So if you’re like all of us here at City Fish, you work hard all day, and come home to a house where you just don’t want to have to deal with much of a meal. It’s a known fact that the majority of the meals that we prepare are one pot meals that typically take less than a half hour to prepare. You grab food where you can, and eat it when you have time available. With all the times people ask us for recipes, we tell them one of two things- something easy, or something that we eat.

The weekend was a great success. It was busy and beautiful down here with the addition of our Cruise ship crowds and Cheesefesters. At the end of the weekend, we were all beat.

Around lunch time today, we all looked in each other’s lunch pails. A sandwich in one, leftover chicken in the other, and something that looked awesome in the boss’s hands.

Vegetables, succulent chunks of halibut. It looked so filling and good.

“What’s that?”

“Halibut Pot Roast.”

Sounds simple enough. Fresh vegetables, sauteed, potatoes, little bit of vegetable broth, and some sauteed halibut cheeks. Little salt, little pepper, and some capers sprinkled on top, and we’ve got ourselves a meal.

Halibut is a deepwater fish most commonly found in Southeast Alaska. Fished from Ketchikan up past the Arctic Circle, these monsters can get up to over 500 pounds. As the fish gets heavier, it turns from a fish that swims upright to a fish that scuttles along the depths of the ocean floor. As a result, one eye moves from the bottom to the top side of the fish, making it an ugly, but deceptively delicious fish.

The texture is white and flaky, and has a reputation around the world for being one of the most delicious, prized fish from the icy cold waters of Alaska. It’s caught mostly by longline, a string of hooks individually baited and left along the ocean floor, enticing the fish with herring, pulled up 6 to 10 hours after the lines are set between two buoys that bob along the surface. According to former Halibut captain Joe Daniels, the brother of our owner Jon Daniels, the commercial lines are anchored 50 to 100 fathoms  (about 300-600 feet) deep. Due to recent quotas incurred by the Alaskan industry, it is no longer a free for all. We’re very lucky to have a large quota of halibut that captains can spread out over the course of an eight month stretch from March to November, ensuring top quality product for the better part of the year, and no break in the fresh supply. It’s one of our most consistent catches, and it works out great every time we cook it. It works in any manner of ways, and works well with almost any flavor combination.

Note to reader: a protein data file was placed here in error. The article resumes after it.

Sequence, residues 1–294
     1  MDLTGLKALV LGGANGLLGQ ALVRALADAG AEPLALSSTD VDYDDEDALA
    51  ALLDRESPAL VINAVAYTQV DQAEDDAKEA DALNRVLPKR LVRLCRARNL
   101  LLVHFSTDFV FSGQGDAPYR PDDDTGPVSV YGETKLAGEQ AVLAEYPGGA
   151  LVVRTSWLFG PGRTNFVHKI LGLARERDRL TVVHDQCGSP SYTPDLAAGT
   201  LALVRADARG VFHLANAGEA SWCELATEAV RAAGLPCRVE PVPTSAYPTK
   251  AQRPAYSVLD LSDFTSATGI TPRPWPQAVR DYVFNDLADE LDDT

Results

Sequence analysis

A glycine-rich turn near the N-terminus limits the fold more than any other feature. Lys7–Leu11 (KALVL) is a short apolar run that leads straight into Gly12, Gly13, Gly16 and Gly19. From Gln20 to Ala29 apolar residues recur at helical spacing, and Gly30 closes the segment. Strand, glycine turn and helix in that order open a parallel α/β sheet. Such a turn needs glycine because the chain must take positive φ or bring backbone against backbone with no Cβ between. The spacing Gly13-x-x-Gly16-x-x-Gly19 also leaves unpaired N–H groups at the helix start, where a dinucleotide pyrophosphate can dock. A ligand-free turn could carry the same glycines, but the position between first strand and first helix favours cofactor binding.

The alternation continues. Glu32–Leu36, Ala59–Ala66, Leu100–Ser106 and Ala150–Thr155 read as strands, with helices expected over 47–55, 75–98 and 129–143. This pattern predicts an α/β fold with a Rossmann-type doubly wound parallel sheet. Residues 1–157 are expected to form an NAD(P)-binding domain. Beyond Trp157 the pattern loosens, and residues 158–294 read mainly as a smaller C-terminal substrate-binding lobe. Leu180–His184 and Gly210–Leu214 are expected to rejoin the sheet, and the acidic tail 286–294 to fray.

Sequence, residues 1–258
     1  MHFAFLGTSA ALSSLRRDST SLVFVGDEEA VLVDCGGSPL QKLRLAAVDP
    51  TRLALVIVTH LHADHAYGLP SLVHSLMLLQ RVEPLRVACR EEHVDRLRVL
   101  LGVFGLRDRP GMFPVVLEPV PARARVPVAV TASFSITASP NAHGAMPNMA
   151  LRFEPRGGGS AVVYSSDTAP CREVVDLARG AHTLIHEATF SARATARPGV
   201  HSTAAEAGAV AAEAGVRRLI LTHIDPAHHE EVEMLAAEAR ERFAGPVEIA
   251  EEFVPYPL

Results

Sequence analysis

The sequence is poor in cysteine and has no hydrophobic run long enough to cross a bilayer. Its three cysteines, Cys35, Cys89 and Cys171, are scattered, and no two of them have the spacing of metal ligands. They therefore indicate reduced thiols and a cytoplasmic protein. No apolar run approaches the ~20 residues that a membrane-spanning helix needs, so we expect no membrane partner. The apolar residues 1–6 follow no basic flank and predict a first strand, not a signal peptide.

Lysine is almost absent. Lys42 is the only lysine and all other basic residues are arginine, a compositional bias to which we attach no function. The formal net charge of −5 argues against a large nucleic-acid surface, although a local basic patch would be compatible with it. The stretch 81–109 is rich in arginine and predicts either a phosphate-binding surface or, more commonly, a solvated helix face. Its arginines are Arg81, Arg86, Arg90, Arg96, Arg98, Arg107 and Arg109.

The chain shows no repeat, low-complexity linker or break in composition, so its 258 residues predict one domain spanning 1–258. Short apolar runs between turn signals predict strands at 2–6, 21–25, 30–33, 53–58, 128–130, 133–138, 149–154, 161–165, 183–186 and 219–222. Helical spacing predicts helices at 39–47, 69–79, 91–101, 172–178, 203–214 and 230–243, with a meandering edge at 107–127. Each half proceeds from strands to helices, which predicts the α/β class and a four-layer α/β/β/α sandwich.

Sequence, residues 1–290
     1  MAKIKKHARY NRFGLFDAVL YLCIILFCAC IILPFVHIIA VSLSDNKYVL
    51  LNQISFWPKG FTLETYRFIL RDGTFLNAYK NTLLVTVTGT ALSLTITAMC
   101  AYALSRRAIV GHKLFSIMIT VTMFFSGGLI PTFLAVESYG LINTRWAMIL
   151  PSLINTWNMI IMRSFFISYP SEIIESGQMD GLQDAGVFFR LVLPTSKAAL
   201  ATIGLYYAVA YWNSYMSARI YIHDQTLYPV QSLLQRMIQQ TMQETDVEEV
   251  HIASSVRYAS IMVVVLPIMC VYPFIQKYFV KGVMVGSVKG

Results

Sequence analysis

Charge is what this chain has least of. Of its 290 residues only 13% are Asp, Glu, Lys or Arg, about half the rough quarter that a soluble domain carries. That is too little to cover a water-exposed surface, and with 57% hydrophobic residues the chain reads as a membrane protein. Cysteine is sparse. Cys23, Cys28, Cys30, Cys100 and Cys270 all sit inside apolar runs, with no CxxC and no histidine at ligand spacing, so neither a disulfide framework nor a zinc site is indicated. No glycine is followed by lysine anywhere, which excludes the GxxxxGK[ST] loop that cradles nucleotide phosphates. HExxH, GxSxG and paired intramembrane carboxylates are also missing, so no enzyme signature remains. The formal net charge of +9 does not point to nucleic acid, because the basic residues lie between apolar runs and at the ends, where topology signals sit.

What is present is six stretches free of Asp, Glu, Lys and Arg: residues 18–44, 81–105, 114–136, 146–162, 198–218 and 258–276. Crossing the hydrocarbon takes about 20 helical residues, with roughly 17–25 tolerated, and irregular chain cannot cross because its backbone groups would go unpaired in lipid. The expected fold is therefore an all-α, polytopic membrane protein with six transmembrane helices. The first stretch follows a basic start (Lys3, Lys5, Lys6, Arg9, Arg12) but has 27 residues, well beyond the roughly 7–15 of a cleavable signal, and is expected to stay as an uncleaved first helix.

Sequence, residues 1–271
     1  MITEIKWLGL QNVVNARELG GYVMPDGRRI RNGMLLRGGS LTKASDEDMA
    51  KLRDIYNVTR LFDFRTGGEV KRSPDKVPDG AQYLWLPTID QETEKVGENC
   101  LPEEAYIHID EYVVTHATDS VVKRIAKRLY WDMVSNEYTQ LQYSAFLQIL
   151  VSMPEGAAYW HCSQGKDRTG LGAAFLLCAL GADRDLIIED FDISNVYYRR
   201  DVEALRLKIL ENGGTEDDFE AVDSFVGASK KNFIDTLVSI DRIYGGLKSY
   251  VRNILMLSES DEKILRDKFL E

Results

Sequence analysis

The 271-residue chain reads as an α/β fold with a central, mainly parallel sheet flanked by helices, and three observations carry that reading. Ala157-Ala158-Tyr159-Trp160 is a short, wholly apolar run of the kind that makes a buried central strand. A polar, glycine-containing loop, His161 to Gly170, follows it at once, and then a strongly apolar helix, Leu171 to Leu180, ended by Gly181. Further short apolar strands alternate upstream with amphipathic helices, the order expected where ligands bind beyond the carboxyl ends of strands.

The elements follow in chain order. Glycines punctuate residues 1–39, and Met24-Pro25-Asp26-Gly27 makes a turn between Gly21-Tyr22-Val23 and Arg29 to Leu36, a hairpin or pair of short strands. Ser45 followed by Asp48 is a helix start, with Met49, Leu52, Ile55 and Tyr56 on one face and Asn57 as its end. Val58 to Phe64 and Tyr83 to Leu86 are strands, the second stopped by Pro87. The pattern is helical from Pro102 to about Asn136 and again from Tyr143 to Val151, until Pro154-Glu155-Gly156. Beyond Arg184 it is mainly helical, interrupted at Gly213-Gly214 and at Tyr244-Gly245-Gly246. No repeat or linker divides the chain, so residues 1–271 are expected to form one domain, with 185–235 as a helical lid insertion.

Here’s something we tell people at the market that holds true in most every case: The weirder a fish looks, the better it tastes. Monkfish, halibut, their cousins the flounder and sole, sturgeon and skate wing are all prehistoric fish, but they’re some of the best tasting fish you can have. Looks like a circus act, but tastes like a dream.

Halibut is the most versatile fish in the case. I’ve prepared it every way, but I’ve never thought to do it Pot Roast style. That is, I never thought to do it until I saw what the boss was having for lunch. Without further ado, here is Jon’s lunch.

Halibut Pot Roast

2 lbs. Halibut Fillet

1 lb. baby red potatoes

1 yellow onion, thin sliced

2 cloves garlic, minced

1 pint cherry tomatoes, halved



bottle of Riesling, Chardonnay, or White Table Wine. (Is it good enough to drink?)

3 TBSP Butter

Olive Oil


Boil your baby reds until firm, not quiter tender. Drain them and reserve for later.

Preheat the oven to 325 degrees. Swirl olive oil in an Ovenproof Saute Pan, and sweat your onion for 3 to 4 minutes over medium heat until it starts to brown or caramelize. Add the garlic and tomato, saute for two minutes.

Put your halibut on your bed of vegetables, and put your parboiled potatoes, fresh herbs, and add a generous sprinkle of salt and pepper in the pan. Cover it with about a half cup of white wine, and pour yourself a glass to sip and enjoy while the fish is baking.

Bake, covered, for 22 to 25 minutes, or until the fish flakes easily. When it does, take it out of the oven, butter up the top of the halibut, and cover it to let the butter melt.

After five minutes, open it up, smell it, enjoy and revel in the smell, and then eat it.